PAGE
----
This week marks the 27th anniversary of imposition of ”internal emergency” in this country. That dark chapter in our country’s history saw suspension of basic civil liberties and habeas corpus, and stifling of press freedom. About 100,000 people were incarcerated for daring to speak-up. Contrast this with just 864 persons detained during the whole of US Civil War!
Emergency has become the defining event of our post-independence history. Life has never been the same again after the tumultuous period. It is a tribute to the strength and resilience of our democracy that we have bounced back. 27 years after the event, its time for us to take stock of the situation.
Based on the yardstick of competitive elections, free political parties, peaceful transfer of power and legitimate exercise of power by the elected, India is recognized as one of the few post-colonial countries with a stable democratic regime. But when judged by the more exacting standards of democracy of empowerment of citizens, rule of law and self-correcting institutions, our polity emerges poorly.
Power is being habitually abused for personal gain or to hurt real or perceived opponents. The way First Global is being harassed and hounded for merely being a main investor in Tehelka.com is a good example of such arbitrary exercise of power. It was widely reported that Laloo Yadav’s men had brazenly stolen hundreds of new cars from dealers to ferry guests for his daughter’s wedding! The tragic events in Gujarat reflect the complete failure of governance process and the abdication of state’s basic responsibility of protecting the life and liberty of its citizens. There is little evidence to show that these matters are being investigated. We may have survived a major assault on our democracy 27 years ago, but millions of mini-emergencies keep haunting us every day.
This week we were witness to the “investiture” ceremony of Omar Abdullah as the new president of National Conference. In the recent past, in Andhra alone, whenever a sitting legislator died, the wife/son are the chosen successors. We may have abolished princely states but we sure have retained dynastic and autocratic parties. For daring to express the truth, senior party functionaries are humiliated and expelled. Where is democracy? In effect our polity is reduced to being the personal fiefdoms of a few thousand families across the country with the rest of having no say.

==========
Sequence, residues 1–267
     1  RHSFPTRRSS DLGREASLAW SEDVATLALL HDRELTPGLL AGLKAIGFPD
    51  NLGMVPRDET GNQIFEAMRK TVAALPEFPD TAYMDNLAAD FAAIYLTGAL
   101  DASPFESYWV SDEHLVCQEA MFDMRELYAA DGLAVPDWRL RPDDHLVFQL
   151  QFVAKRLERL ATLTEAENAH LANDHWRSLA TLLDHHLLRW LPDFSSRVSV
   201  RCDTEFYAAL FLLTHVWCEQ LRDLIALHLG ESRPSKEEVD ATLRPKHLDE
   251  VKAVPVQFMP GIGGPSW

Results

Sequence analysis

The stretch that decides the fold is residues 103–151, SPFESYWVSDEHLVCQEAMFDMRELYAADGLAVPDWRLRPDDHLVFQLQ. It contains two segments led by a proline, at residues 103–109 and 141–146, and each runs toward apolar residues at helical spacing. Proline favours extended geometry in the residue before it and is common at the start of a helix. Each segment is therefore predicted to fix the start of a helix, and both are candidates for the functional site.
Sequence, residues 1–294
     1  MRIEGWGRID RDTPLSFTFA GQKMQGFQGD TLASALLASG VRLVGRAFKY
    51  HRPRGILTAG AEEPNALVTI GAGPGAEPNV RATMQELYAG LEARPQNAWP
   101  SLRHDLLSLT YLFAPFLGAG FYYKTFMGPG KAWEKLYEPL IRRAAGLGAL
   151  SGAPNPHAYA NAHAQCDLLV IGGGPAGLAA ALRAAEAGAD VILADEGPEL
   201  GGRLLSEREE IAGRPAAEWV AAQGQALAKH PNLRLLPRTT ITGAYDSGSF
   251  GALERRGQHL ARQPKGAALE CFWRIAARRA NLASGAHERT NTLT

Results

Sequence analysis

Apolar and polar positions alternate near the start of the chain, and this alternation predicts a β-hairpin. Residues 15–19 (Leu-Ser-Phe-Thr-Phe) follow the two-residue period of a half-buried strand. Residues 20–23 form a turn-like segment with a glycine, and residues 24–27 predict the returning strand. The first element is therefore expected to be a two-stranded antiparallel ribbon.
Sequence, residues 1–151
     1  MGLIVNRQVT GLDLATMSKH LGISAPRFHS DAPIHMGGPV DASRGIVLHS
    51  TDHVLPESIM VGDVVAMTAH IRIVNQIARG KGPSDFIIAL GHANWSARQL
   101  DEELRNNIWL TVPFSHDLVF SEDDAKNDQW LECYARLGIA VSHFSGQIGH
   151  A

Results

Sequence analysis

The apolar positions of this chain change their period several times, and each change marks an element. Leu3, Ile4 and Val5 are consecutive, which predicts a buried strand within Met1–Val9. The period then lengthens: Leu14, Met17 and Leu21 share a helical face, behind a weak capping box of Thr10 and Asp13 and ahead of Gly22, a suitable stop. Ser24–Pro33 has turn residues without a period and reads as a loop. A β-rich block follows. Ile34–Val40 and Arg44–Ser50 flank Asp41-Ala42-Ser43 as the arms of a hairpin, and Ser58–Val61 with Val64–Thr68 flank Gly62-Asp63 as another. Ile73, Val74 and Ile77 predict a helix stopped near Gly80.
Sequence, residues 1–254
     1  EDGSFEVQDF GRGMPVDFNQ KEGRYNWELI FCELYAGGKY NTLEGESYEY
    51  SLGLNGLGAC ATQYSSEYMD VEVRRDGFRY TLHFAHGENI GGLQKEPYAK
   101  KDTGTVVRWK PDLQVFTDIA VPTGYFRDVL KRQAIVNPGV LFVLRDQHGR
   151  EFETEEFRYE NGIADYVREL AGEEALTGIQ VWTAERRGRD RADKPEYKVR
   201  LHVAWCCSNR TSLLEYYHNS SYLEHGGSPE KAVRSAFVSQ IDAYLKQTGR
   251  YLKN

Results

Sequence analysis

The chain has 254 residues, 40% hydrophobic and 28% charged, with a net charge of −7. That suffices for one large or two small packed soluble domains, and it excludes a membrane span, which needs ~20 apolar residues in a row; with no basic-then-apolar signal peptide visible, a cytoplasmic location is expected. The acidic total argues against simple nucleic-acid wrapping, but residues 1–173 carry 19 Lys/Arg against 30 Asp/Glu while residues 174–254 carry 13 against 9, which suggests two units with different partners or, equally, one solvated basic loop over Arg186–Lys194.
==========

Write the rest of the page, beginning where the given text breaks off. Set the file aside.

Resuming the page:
But there happens to be a silver lining. A few groups of people cared to speak and some institutions have listened. Now citizens across the country along with civil society participation have succeeded in putting pressure on the Election Commission to act proactively in implementing the Supreme Court judgment of May 2, to force candidates to disclose their criminal antecedents and assets and liabilities. Although the government and mainstream political parties have tried their best to scuttle the Court’s judgment, civil society pressure prevailed and paid rich dividends. Just as it happened during emergency, when millions of ordinary citizens stood up and actively resisted the tyranny of the state, citizens of this country should stand up and be counted. The fight now is not against one party or one event. It is a struggle for the very soul of our democracy, and for an accountable and honest political process. In a democracy, the citizen is the ultimate sovereign and eternal vigilance is the price of liberty.
There is a poem written by a Nazi victim sending us a powerful message to speak up.
First they came for the Jews;And I did not speak out;Because I was not a Jew
Then they came for the Trade Unionists;And I did not speak out;Because I was not a Trade Unionist
Then they came for the Communists;And I did not speak out;Because I was not a Communist
Then they came for me;And there was none left;To speak for me